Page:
EAST LANSING — Call it a shellacking, a woodshed beating or just pure domination, the Michigan hockey team beat Michigan State in every facet of the game in its CCHA quarterfinal sweep of the Spartans this past weekend.
Coming into the playoff series against No. 2 seed Michigan State, the Wolverines were hands-down the underdog.
They had finished seventh in the final conference standings, and after their first-round sweep of Lake Superior State last weekend, the Michigan had a date with its intrastate rival for a tough best-of-three series, not only against one of the conference’s best teams, but also at Munn Ice Arena.
And I’ll be honest, I didn’t expect a series win for the Maize and Blue — and most people would probably agree with me on this one. Despite Shawn Hunwick leading the Wolverines to three wins in four games, they still didn’t have their true number-one starter in Bryan Hogan, and were also without their top defenseman and senior captain, Chris Summers. Not to mention they had beaten the Spartans only once in four tries this season.
If Michigan was going to clinch a trip to Detroit, it would be by a slim margin, maybe an overtime win in the third and deciding game in East Lansing — or so I thought.
For much of the season, the Wolverines have disappointed, but in their 5-1 and 5-3 wins against Michigan State, they proved why they’re one of the best teams in the country when they can string together a complete game — or for this weekend’s sake, two. And that’s why they can make a trip to the NCAA Tournament for the 20th straight year.
For 115 of 120 minutes of game time this weekend, Michigan smacked around Michigan State and dictated the tempo of play from the get-go. From the opening minutes on Friday night, you had a sense that the Wolverines didn’t think of themselves as an underdog on the road, in a semi-hostile environment and with a lose-and-go home scenario pending.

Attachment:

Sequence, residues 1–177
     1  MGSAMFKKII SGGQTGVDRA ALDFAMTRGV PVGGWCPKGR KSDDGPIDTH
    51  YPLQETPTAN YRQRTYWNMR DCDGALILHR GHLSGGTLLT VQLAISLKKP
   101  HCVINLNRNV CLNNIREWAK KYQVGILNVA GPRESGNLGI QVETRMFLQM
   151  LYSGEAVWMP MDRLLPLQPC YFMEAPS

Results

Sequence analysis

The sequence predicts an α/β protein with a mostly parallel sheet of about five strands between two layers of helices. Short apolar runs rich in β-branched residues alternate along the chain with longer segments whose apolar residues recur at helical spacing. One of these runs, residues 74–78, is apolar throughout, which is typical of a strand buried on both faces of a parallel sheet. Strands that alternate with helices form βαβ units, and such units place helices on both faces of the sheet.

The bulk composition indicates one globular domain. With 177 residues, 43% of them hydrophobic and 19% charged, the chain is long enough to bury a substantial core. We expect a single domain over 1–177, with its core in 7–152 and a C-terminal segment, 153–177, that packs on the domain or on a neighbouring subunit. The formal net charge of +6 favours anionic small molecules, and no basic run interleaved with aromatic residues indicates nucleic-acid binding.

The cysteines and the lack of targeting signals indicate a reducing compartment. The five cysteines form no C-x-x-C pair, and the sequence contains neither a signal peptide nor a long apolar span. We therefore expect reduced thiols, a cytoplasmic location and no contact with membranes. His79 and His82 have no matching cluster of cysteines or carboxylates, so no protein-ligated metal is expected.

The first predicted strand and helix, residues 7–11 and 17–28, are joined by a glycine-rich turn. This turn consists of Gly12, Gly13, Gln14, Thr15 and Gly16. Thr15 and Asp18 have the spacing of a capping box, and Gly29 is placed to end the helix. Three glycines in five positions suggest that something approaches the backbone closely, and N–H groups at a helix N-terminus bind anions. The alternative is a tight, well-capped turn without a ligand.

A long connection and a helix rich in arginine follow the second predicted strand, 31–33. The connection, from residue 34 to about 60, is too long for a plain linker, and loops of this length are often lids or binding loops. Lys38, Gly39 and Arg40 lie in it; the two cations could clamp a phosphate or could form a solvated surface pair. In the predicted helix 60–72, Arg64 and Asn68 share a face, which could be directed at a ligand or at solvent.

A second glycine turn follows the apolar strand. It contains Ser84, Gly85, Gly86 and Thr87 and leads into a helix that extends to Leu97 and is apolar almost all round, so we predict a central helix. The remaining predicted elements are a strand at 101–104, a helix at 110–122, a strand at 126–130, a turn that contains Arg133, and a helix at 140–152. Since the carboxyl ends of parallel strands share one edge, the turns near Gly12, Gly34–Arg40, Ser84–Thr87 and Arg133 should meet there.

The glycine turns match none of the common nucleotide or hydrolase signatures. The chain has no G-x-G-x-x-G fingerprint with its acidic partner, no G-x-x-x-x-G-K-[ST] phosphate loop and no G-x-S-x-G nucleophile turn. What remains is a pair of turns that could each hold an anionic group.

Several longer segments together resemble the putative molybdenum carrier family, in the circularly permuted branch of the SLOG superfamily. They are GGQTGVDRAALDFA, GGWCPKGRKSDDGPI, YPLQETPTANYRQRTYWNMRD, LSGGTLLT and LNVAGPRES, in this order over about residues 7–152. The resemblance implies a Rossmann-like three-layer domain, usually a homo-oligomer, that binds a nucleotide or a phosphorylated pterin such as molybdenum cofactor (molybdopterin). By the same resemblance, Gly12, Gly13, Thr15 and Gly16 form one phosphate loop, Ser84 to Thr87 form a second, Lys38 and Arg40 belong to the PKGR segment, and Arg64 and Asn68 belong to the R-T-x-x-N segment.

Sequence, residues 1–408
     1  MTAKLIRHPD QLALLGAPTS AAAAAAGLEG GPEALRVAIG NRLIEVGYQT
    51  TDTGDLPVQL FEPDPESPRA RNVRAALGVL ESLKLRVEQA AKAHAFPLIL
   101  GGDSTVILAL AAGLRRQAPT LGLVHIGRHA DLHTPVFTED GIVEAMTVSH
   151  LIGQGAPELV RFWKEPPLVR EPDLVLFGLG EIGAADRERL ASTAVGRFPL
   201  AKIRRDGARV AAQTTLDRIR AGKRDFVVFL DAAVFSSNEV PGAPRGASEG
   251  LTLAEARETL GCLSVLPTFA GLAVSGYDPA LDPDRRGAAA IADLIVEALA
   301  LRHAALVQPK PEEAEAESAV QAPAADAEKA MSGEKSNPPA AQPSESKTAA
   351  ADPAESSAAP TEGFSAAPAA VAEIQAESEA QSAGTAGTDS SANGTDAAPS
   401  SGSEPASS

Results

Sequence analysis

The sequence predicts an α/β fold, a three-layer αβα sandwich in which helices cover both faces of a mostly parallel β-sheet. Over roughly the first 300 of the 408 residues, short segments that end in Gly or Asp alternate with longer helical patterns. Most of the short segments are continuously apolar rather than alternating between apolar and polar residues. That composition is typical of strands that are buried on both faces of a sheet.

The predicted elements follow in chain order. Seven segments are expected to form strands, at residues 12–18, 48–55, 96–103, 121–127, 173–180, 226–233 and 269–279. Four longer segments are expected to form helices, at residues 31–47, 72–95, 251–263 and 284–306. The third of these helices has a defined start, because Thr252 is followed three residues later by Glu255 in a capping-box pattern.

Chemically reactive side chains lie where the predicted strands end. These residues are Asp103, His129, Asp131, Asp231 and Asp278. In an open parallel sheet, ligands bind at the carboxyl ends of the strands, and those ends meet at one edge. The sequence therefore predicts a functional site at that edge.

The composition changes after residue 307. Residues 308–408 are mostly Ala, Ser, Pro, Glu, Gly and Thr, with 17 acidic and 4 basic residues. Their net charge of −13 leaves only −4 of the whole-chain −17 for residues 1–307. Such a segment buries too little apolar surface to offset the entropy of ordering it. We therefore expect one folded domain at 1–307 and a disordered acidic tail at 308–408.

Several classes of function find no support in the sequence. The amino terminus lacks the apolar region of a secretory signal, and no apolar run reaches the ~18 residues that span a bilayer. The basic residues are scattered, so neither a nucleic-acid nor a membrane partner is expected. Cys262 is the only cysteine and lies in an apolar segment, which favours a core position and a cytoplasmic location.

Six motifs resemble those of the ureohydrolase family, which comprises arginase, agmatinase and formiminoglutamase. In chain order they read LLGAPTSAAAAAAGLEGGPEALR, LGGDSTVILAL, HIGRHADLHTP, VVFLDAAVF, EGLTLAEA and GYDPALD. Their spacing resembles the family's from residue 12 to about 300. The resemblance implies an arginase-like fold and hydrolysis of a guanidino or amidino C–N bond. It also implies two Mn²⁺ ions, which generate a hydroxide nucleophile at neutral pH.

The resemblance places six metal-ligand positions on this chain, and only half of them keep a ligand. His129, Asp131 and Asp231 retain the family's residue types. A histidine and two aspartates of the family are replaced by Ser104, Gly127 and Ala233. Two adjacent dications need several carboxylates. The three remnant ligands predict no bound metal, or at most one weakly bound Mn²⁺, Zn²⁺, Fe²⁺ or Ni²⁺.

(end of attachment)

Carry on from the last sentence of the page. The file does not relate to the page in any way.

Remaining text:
Michigan jumped on the Spartans early and often, nabbing three goals in the opening period Friday, and really never allowed Michigan State to gain any momentum for the rest of the weekend. It forechecked the hell out of the Spartans, putting them on their heels and forcing turnover after turnover.
Aside from the final five minutes of play in Saturday’s first period, during which the Spartans tallied three power play goals, the Wolverines played as close to mistake-free hockey as possible, something Michigan coach Red Berenson said would put the Wolverines in pretty good shape.
Michigan received contributions from its top performers in juniors Carl Hagelin, Louie Caporusso, and Matt Rust — the trio totaled seven points in the weekend series. The Wolverines also got secondary scoring from sophomore David Wohlberg and freshman Chris Brown, who combined to net three goals.
And although you may think the 5-3 win on Saturday was a close game, it really wasn’t — it was Michigan’s game to lose. At the end of the second period on Saturday night, Michigan had outshot Michigan State 16-1 in the frame, possessing the puck in the Spartan end for most of the period.
I could go and on about why this was the Wolverines’ most complete effort of the season, but I think you get the picture. Michigan laid the hammer to Michigan State, and if the Wolverines can play next weekend at Joe Louis Arena like they played at Munn Ice Arena this weekend, there’s no telling the limits of this team.
At the end of the game, the Comcast camera crew zoomed in on Spartan junior captain Jeff Petry. The disgusted look on his face as he went down the line to shake hands with the Wolverines summed up the series for Michigan State.
Was he disappointed with how the Spartans played? I’m guessing, yeah. Was he worried his season could be over so soon? Maybe.
Should he be surprised his team was dominated up and down the ice all weekend by the Wolverines?
Not one bit.
Burns can be reached at firstname.lastname@example.org